The opinion of the court was delivered by: JOHN W. DARRAH, District Judge
MEMORANDUM OPINION AND ORDER
Plaintiff, Andrew Gale ("Gale"), filed an Amended Complaint*fn1
against Defendant, Hyde Park Bank, alleging a violation of
15 U.S.C. § 1693 et al. Gale's previous Complaint was dismissed
without prejudice for failure to state a claim. Presently pending before
the Court is Defendant's Motion to Dismiss and to Strike.
In reviewing a motion to dismiss, the court reviews all facts alleged
in the complaint and any reasonable inferences drawn therefrom in the
light most favorable to the plaintiff. See Marshall-Mosby v.
Corporate Receivables, Inc., 205 F.3d 323, 326 (7th Cir. 2000).
Dismissal is only warranted if the plaintiff can prove no set of facts in
support of its claims that would entitle it to relief. See Conley v.
Gibson, 355 U.S. 41, 45-46 (1957).
A reading of the Amended Complaint supports the following summary of
the alleged conduct of the parties.
In early December 2001, Gale used his debit card to make a purchase
with a merchant. The amount of the transaction was $352.35. Defendant
failed to process the transaction at that time and failed to notify Gale
of any error in the transaction. On April 3, 2002, the vendor
submitted a request for payment to Defendant. Defendant paid the
request without the knowledge and consent of Gale.
Gale attached several exhibits to his Complaint which support the
following additional facts.
Gale's bank statement for transactions occurring between November 16,
2001 and December 14, 2001, does not include an entry for the amount of
$352.35. The $352.35 was transferred from Gale's account once, in April
On April 9, 2002, Gale submitted a request to Defendant for an
explanation for the error since his account now had a negative balance,
and he was being charged overdraft charges.
On April 12, 2002, Defendant responded to Gale's inquiry. Defendant
informed Gale that debit card purchases are not returnable and must be
posted to an account. The delay in this transaction may have been caused
by any number of reasons. The merchant may have delayed submitting the
purchase to VISA or the item may have been lost or may have been rejected
by the system for one reason or another and needed to be reconciled
before submission. The delay in the instant transaction was between the
merchant and VISA. Furthermore, regulation allows 120 days for a debit
card item to be posted to an account. The authorization for the December
3 purchase is a temporary hold only and may or may not be followed by an
actual purchase. Therefore, Defendant did not post anything until VISA
sent a debit.
On April 16, 2002, Gale filed a complaint with the Federal Deposit
Insurance Corporation ("FDIC") regarding the December/April transaction.
Defendant responded to the FDIC, stating that Gale authorized a
transaction in the amount of $352.35, using his debit card in December
2001. On April 3, 2002, the $352.35 transaction was posted to Gale's
causing an overdraft. Defendant had no indication that this was an
old transaction that had never been posted.
On April 18, 2002, Defendant informed Gale via letter that a
provisional credit in the amount of $352.35 had been credited to his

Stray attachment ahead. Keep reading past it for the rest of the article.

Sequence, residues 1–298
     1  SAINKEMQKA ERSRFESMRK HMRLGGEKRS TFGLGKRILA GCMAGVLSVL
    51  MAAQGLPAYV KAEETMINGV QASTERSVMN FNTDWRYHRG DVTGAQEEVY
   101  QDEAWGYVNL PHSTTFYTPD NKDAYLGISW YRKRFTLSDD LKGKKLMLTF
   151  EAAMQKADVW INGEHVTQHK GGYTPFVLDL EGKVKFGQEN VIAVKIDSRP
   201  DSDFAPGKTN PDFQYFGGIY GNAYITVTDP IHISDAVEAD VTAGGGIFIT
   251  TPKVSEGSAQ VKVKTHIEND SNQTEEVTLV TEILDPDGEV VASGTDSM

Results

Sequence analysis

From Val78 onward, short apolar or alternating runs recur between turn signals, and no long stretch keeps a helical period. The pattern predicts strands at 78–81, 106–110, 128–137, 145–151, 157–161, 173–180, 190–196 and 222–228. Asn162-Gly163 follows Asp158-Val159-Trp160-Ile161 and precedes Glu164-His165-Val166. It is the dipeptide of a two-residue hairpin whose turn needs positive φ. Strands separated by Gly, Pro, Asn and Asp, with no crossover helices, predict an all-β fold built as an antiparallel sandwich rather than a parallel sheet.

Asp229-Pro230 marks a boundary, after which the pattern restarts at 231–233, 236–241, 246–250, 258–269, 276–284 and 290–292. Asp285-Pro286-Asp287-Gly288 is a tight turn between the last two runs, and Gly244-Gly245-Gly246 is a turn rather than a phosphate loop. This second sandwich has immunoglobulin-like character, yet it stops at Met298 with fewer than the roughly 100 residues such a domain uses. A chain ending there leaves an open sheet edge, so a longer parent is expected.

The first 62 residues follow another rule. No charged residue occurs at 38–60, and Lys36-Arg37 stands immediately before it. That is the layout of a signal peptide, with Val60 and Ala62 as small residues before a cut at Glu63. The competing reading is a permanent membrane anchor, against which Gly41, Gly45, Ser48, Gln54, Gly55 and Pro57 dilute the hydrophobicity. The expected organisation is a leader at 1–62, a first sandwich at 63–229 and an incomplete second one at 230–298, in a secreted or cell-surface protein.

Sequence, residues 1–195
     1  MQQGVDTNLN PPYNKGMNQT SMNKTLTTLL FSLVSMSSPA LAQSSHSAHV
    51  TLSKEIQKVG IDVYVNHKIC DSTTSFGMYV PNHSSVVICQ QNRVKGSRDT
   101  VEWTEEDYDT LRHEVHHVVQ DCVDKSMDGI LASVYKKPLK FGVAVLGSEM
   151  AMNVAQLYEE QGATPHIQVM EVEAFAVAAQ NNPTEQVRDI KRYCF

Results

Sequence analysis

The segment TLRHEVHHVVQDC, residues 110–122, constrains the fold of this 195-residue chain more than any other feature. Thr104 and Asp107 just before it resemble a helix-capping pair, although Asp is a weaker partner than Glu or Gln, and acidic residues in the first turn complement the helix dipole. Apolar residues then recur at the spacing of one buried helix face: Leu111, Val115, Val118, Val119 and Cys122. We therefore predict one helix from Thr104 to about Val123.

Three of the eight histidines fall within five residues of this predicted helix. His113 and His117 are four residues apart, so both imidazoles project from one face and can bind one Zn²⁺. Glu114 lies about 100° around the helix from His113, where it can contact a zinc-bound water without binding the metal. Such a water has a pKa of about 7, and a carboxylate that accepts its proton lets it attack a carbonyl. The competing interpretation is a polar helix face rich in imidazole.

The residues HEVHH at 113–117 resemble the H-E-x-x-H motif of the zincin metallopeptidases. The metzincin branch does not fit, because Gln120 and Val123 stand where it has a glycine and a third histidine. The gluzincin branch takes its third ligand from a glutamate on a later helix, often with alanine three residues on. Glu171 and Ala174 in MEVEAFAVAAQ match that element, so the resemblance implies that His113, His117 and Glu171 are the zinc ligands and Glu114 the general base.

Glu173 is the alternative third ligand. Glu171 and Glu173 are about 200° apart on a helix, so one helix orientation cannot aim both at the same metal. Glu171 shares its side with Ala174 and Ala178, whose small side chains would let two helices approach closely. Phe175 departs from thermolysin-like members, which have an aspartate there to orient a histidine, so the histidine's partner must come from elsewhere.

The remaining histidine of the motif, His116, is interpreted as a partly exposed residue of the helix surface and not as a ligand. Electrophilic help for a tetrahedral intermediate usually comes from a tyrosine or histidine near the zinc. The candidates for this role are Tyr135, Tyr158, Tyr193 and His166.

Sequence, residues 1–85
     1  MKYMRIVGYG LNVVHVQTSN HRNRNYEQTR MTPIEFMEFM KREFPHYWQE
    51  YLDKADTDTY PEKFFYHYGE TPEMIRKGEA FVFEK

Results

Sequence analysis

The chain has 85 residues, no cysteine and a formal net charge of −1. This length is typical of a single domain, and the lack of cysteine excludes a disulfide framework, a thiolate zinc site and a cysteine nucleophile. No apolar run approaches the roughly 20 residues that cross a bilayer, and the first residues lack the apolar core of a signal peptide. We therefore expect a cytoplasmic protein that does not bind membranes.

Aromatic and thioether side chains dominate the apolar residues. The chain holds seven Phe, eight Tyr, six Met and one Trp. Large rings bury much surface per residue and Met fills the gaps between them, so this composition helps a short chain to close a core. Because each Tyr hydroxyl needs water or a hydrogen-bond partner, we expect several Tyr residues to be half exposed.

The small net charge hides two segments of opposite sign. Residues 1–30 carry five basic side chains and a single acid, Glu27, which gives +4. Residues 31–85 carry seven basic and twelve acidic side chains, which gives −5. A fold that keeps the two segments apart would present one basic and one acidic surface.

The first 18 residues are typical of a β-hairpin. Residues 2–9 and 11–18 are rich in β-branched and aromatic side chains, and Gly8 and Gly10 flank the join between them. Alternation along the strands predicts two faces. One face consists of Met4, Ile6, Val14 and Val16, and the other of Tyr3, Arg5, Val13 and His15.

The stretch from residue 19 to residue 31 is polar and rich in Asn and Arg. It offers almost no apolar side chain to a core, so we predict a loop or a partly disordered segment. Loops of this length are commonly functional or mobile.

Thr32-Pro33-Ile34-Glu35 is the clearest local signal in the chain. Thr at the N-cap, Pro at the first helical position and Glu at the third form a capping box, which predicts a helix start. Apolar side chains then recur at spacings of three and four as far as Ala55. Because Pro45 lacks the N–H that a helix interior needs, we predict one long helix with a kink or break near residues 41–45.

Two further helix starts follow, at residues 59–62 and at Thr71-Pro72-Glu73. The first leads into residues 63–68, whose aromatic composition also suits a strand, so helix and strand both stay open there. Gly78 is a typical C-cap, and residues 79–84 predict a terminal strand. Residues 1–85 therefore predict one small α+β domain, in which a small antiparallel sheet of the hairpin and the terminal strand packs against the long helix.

On May 14, 2002, Defendant responded to additional inquiries by Gale
via e-mail. Defendant informed Gale that no agency had asked Defendant to
monitor his credit and that such a request by a federal agency would be
inappropriate. Defendant also informed Gale that the transaction in
question was processed electronically and that Defendant does not review
them for dates of authorization because the authorization is granted by
the consumer to the creditor. Defendant had no way of knowing about the
delay in the transaction until it was brought to the Defendant's
attention, and it conducted an investigation.
Defendant argues that Gale's Complaint should be dismissed because it
fails to state a claim, In response, Gale argues that the funds were not
timely transferred. Section 1693h states that a financial institute is
liable for damages proximately caused by the financial institution's
failure to make an electronic fund transfer in a timely manner when
properly instructed to do so by the consumer. 15 U.S.C. § 1693h. In
his Amended Complaint, Gale alleges that he made a request to Defendant
to transfer funds to a merchant in December 2001 and that Defendant did
not make such transfer. Subsequently, Defendant received a request for
transfer of funds in April 2002 to the same merchant; this transfer was
made. These allegations support Gale's claim under Section 1693h.
However, the exhibits that Gale attached to his Complaint negate these
allegations. If a plaintiff attaches documents to his complaint and
relies upon such documents for the basis of his claim or part of a claim,
dismissal is appropriate if the documents
negate the claim. See Thompson v. Illinois Dept. of Prof'l
Regulation, 300 F.3d 750, 754 (7th Cir. 2002).
The exhibits attached to Gale's Complaint show that Defendant was not
made aware of the transaction between Gale and the merchant until April
2002. At that time, Defendant had no knowledge that the actual
transaction took place in December 2001 and that the merchant was tardy
in submitting the authorized purchase. Upon Gale's notification of the
delay, the Defendant immediately undertook an investigation and credited
Gale's account the disputed amount and all fees associated with the
transaction. Defendant also timely responded to all of Gale's inquiries
as well as Gale's complaint to the FDIC. These exhibits negate Gale's
claim that Defendant was aware of the request to transfer funds in
December 2001 and that it failed to process such transaction. They also
negate that Defendant failed to timely transfer funds after receiving an
authorized request for such transfer. The Defendant was unaware of ...